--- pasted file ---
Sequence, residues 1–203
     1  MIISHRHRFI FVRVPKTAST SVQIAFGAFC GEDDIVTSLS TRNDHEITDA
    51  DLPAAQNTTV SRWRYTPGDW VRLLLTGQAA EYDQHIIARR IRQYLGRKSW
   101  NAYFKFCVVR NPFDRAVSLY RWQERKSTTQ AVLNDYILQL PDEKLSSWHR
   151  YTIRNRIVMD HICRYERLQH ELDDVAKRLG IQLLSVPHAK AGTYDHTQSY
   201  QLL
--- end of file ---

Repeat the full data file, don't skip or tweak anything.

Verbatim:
Sequence, residues 1–203
     1  MIISHRHRFI FVRVPKTAST SVQIAFGAFC GEDDIVTSLS TRNDHEITDA
    51  DLPAAQNTTV SRWRYTPGDW VRLLLTGQAA EYDQHIIARR IRQYLGRKSW
   101  NAYFKFCVVR NPFDRAVSLY RWQERKSTTQ AVLNDYILQL PDEKLSSWHR
   151  YTIRNRIVMD HICRYERLQH ELDDVAKRLG IQLLSVPHAK AGTYDHTQSY
   201  QLL